For a while, it appeared as if Rolling Stone founder Jann Wenner would emerge from the #MeToo movement relatively unscathed. Despite having two accusations of sexual misconduct leveled against him, Wenner successfully negotiated acquisition of the magazine for $100 million, while ABC was planning to air a three-hour live broadcast commemorating its 50 year anniversary. But it appears #MeToo has officially caught up with Wenner.

According to The Hollywood Reporter, ABC will no longer air the Rolling Stone special broadcast slated for February 7.

"Announced in May as part of its upfront presentation, the broadcast was scheduled to showcase live performances, short films, iconic onstage moments, never-before-seen musical pairings and stars who have helped to shape pop culture, music and politics over 50 years of the magazine," reports THR. "Done + Dusted was set to produce the special. Rolling Stone's parent company Wenner Media was also set to produce, with Jann Wenner, Gus Wenner, Ian Stewart, David Jammy and Katy Mullan set to executive produce."

Earlier in November, the openly gay Wenner stood accused of sexually harassing a male journalist in 2005. His accuser, Ben Ryan, claims the incident occurred during a meeting at Wenner's Upper West Side townhouse. Later on in the meeting, when the two were seated on the couch, Ryan said Wenner made his move.

"I had Jann Wenner’s tongue in my mouth," Ryan said. "I went along for a second but then said something to the effect of 'Oh, please, I’m not that kind of girl.'"

Ryan made sure to note that Wenner "got very upset and was pseudo-threatening of how bad it could be if this got out."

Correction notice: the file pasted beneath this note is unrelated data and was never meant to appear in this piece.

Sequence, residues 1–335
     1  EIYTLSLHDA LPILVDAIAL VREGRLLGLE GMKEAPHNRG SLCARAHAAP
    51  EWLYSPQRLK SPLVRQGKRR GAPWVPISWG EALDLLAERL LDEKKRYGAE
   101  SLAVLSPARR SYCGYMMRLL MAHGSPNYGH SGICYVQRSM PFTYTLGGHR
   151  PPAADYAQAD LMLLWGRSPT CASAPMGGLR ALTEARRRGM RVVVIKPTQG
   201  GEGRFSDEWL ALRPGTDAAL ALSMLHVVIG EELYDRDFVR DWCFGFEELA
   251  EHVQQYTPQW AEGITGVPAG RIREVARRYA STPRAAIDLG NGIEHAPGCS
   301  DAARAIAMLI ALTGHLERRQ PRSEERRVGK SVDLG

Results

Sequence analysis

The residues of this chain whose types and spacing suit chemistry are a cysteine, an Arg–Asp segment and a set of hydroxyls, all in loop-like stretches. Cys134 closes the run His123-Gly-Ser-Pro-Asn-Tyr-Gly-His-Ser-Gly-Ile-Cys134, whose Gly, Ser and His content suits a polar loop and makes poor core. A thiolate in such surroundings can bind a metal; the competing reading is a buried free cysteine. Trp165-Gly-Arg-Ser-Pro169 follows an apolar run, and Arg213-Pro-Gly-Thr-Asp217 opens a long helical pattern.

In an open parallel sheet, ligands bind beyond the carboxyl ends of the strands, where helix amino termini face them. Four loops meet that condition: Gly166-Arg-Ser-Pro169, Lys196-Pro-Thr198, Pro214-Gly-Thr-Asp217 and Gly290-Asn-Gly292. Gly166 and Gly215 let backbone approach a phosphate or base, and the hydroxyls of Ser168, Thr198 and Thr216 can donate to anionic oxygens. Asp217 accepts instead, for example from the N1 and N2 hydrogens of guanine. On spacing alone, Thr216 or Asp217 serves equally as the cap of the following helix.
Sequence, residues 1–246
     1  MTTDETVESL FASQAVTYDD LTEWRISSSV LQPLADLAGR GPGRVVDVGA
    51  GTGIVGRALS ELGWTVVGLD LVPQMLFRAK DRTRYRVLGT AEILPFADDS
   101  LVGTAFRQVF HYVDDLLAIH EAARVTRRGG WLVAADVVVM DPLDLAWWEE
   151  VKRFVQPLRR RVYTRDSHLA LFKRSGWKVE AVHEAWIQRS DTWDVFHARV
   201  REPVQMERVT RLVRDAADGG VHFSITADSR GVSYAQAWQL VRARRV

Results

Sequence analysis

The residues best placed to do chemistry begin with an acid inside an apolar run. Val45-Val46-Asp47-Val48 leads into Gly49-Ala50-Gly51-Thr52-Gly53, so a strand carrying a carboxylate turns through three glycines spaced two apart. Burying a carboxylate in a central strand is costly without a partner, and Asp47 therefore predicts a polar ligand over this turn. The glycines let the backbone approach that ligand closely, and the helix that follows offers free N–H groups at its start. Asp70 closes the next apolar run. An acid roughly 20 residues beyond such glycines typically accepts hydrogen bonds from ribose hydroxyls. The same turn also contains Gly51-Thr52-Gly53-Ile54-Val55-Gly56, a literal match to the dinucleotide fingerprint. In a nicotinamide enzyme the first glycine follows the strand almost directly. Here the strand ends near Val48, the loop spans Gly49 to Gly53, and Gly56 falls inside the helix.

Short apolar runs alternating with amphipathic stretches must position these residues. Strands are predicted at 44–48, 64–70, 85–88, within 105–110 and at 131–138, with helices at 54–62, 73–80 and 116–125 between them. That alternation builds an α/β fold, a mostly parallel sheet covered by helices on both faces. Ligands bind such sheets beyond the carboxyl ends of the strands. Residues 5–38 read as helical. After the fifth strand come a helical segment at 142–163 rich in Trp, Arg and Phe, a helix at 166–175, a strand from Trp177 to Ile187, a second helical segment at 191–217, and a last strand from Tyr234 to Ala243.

"All of a sudden I was the bad guy and I felt like I was in the hot seat and being grilled," Ryan said.

When Ryan exited into the foyer, Wenner made him an offer: Stay, and I’ll give you a writing contract.

"I think there was that moment where it’s like time stood still, and you’re imagining how this could be the answer to all my struggles. All I would have to do is this one thing," Ryan said. "But that’s not me. I would never do that."

Wenner denied the allegation and it soon vanished in the firestorm of #MeToo accusations pouring out across the web. Then, in December, another former employee came forward to accuse Wenner of sexual misconduct, Jonathan Wells.

Speaking with Buzzfeed News, Wells claims that in 1983, Wenner pursued him forcefully after a night of drinking and cocaine.

"I was lying back and he put himself on top of me," Wells told Buzzfeed. "He was kissing me, but you know, normal stuff, kissing my chest. I remember him putting his penis in my mouth. I remember him sucking me, going down on me. I remember his hair on my stomach."

Wells immediately left after the encounter. Wenner maintains the encounter "was totally mutual and consensual — absolutely, and without question. I am saddened to hear this is his memory of that evening, because it is different than mine."